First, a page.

Images, words, or: Sounds perhaps?

Sevenling (Units of thought)

My 2nd sevenling

Units of thought would seem to be
unknowable; perhaps my most basic intent
is conveyed in... images, or... words, or... sounds...?

What is necessary, at minimum, to
understand me? What content do my screams carry? Or
this gritted 'Fffffuuh' sound I make? Or seven tortured lines?

The force of even my most noxious profanities is

Thisaway, or: Thataway

‘No way. Way!’, a d’Verse Quadrille

Runaway,
wayless, makes his
way up dark
areaway - to
stowaway on a
rockaway.

Highwayman in jet
cutaway strolling past purplish
twayblades, reading stolen
waybill, notes blond
wayward
flyaways.

Hereaway’s no place for young
tearaways, he smiles. Well,
leastways we’re both of
waygoing
lifeways.

The above poem is my take on d’Verse’s Quadrille challenge #120.

The quadrille is simply a poem of 44 words (excluding the title), and it can take any form. This week’s challenge was to use the word “way” in a quadrille.

Encyclopedia, or: Dictionary

A more than slightly crazy dabbler,
Hair mussed, bedabbled clothes:
   “I am suffering from andabatism!
   So I must call someone who knows!”

He hastily phoned the dabster:
   “I've heard you’re one of the pros!
   Of the dabb; dabchick; daboia-
   Which has the strongest nose?”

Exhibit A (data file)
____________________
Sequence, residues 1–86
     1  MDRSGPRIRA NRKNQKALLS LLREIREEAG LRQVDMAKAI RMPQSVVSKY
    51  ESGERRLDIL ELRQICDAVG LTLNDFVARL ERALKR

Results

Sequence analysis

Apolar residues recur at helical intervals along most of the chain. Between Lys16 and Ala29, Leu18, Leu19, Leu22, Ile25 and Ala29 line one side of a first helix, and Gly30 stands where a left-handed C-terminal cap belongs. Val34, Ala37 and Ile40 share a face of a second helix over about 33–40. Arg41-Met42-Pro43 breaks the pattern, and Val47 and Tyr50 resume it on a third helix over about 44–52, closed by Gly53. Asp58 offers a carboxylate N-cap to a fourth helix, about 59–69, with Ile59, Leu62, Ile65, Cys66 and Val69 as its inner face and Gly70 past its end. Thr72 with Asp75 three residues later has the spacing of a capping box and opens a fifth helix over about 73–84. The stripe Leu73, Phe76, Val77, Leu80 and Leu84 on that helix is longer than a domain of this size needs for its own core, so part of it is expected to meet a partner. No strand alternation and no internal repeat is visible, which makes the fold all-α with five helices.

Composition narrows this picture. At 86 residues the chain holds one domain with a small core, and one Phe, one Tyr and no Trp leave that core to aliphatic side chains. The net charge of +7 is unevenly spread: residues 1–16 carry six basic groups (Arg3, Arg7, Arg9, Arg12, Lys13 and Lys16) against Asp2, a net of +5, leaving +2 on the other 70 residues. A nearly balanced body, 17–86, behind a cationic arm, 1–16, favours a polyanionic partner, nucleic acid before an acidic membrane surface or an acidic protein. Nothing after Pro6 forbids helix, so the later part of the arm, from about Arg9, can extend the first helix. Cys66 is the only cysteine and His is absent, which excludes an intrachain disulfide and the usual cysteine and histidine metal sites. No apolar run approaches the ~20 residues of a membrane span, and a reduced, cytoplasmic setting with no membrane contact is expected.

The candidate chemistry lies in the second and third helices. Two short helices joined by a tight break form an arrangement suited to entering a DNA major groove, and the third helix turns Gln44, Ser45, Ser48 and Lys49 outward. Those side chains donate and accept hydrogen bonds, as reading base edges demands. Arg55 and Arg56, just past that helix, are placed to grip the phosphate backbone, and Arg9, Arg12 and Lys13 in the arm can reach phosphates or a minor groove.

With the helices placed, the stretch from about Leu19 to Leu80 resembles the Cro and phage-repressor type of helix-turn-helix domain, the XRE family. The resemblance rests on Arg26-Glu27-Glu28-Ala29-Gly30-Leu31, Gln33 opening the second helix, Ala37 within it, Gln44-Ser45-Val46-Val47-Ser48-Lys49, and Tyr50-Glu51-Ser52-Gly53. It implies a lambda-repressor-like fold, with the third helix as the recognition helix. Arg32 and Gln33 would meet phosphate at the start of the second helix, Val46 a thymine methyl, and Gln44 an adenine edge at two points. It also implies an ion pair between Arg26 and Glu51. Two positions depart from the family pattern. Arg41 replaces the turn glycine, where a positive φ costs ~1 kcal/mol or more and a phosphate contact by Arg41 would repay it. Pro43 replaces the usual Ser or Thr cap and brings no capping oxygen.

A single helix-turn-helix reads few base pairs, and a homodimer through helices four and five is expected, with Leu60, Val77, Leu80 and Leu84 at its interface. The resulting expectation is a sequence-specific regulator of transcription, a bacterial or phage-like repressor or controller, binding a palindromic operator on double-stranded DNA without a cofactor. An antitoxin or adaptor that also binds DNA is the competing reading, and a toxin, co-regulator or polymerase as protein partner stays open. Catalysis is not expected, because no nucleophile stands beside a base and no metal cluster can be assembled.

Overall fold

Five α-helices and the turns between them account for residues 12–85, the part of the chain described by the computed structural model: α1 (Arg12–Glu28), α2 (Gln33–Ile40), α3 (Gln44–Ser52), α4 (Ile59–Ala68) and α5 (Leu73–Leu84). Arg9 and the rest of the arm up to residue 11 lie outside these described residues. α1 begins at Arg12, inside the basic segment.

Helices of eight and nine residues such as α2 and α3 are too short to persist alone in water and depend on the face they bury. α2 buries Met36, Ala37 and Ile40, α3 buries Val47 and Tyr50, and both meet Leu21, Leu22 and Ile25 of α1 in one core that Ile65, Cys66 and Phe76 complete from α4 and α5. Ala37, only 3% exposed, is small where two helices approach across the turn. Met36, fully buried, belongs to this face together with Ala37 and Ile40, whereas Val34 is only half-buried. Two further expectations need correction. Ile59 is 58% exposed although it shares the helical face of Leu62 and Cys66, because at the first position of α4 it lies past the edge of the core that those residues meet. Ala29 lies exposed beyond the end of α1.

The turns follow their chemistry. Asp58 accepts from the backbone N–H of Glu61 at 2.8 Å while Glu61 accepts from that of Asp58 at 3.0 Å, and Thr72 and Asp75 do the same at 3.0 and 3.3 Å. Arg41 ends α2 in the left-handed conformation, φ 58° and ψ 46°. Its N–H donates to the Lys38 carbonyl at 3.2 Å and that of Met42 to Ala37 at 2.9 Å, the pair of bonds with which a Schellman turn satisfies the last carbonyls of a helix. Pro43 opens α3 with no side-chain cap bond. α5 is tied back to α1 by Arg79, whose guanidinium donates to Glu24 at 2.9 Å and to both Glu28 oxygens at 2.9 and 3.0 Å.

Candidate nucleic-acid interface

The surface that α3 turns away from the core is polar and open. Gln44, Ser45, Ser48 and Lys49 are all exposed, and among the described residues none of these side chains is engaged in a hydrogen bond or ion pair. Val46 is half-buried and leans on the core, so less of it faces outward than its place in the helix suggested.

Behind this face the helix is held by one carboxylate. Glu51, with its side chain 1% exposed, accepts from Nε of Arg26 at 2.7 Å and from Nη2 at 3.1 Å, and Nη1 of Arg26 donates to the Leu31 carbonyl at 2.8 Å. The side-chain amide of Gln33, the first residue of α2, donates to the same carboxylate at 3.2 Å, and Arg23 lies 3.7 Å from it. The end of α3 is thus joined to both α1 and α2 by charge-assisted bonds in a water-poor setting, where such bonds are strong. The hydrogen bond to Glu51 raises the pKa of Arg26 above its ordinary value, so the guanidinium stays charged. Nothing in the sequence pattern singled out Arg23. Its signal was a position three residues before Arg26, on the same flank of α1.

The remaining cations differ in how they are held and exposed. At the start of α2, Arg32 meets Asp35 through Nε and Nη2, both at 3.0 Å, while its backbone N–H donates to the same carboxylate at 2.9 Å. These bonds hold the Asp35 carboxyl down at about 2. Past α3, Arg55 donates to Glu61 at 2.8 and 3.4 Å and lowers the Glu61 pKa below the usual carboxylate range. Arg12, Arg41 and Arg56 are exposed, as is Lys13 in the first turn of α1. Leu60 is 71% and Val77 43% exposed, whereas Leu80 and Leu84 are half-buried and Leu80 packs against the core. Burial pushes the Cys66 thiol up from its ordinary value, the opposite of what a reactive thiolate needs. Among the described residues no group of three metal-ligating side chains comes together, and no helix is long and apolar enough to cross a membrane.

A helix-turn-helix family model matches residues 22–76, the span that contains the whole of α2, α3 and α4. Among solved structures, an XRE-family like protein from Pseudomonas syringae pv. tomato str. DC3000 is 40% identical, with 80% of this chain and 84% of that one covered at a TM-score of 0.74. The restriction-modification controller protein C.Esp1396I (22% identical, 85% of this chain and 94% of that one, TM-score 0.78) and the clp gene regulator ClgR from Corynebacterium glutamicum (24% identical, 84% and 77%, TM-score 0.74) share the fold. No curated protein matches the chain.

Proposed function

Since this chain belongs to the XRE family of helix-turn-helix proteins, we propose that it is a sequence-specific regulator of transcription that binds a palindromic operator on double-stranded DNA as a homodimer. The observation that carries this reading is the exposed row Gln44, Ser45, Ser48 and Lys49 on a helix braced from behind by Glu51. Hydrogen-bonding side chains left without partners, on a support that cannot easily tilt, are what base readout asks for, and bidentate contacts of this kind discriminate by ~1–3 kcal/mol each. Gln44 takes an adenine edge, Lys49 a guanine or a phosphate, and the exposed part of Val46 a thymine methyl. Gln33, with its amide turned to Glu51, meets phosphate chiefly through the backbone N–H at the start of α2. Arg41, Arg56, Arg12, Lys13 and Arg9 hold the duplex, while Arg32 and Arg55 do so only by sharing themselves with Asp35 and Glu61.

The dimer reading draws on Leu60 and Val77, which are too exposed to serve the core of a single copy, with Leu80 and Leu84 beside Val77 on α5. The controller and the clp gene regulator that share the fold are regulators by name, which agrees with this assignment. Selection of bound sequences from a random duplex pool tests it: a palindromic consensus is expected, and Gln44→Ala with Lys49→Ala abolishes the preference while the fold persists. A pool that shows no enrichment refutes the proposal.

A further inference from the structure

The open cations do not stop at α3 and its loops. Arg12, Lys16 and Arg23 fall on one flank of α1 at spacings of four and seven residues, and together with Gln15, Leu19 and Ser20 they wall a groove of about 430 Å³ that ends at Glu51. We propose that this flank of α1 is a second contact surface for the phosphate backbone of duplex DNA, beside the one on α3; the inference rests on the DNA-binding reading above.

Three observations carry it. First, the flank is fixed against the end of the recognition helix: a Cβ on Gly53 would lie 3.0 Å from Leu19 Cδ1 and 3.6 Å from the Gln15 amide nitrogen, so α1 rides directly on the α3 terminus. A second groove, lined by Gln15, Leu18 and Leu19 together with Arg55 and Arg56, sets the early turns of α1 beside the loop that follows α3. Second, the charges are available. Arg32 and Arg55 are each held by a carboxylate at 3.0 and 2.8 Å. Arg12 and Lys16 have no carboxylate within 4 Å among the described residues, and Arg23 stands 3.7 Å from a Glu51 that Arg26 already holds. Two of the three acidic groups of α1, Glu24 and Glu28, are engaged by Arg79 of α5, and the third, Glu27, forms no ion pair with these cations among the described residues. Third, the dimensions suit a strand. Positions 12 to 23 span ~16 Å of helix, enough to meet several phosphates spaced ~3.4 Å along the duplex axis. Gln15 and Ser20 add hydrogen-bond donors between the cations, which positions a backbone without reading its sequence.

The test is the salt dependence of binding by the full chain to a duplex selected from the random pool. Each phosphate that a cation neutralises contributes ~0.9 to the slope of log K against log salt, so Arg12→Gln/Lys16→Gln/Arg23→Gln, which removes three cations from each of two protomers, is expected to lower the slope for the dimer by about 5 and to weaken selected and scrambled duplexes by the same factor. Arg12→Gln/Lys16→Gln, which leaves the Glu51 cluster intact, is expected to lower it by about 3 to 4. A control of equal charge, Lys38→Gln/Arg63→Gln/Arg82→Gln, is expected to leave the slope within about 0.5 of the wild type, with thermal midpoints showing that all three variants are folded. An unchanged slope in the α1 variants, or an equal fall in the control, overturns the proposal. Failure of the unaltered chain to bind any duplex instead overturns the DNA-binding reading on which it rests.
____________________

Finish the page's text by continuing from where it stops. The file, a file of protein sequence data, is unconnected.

The above poem is my take on d’Verse’s Quadrille challenge #119.

The quadrille is simply a poem of 44 words (excluding the title), and it can take any form. This week’s challenge was to use any form of the word “dab” in a quadrille.

Shackled, or: Flowing

Shackles
Cold Restraining
Chilling Locking Binding
Inescapably bound in place
Cable
Round Connected
Coiling Twisting Looping
Securely wrapping all around
Bracelet
Pretty Shiny
Sparkling Glinting Twinkling
An attractive wrist ornament
Trinket
Tiny Worthless
Hanging Dangling Swinging
Only for sentimental folks
Trifle
Paltry Little
Piddling Trifling Niggling
Utterly worthless minor thing
Fragment
Shattered Pointed
Piercing Cutting Stinging
Greater picture remains hidden
Portion
Lot Separate
Parting Taking Giving
Different for every person
Fortune
Wealthy Elite
Boasting Owning Spending
Far beyond mere security
Plenty
Nice Comforting
Soothing Saving Freeing
Enough for all emergencies
Torrent
Wet Powerful
Gushing Bursting Flooding
Tremendous deluge overcomes all
Outflow
Swift Measured
Streaming Rolling Pounding
Water and language similar
Poem

I’ve been experimenting with various forms of poetry of late, and I came upon the ‘cinquain’. At its core, the ‘cinquain’ is a five line poem. There are, of course, variations; and I settled upon the following rules, as a challenge to myself:

  • Line 1: One word, two syllables (a noun, the subject of the poem)
  • Line 2: Two words, four syllables (adjectives that describe the subject in line 1)
  • Line 3: Three words, six syllables (-ing action verbs–participles–that relate to the subject in line 1)
  • Line 4: Four words, eight syllables (a phrase or sentence that relates feelings about the subject in line 1)
  • Line 5: One word, two syllables (a synonym for the subject in line 1 or a word that sums it up)

I was immediately struck by the fact that the 5th line of a cinquain (according to the above rules) takes the very same form as the 1st line (i.e. one word, two syllables), which led me to wonder… how many cinquains could I reasonably manage to string together?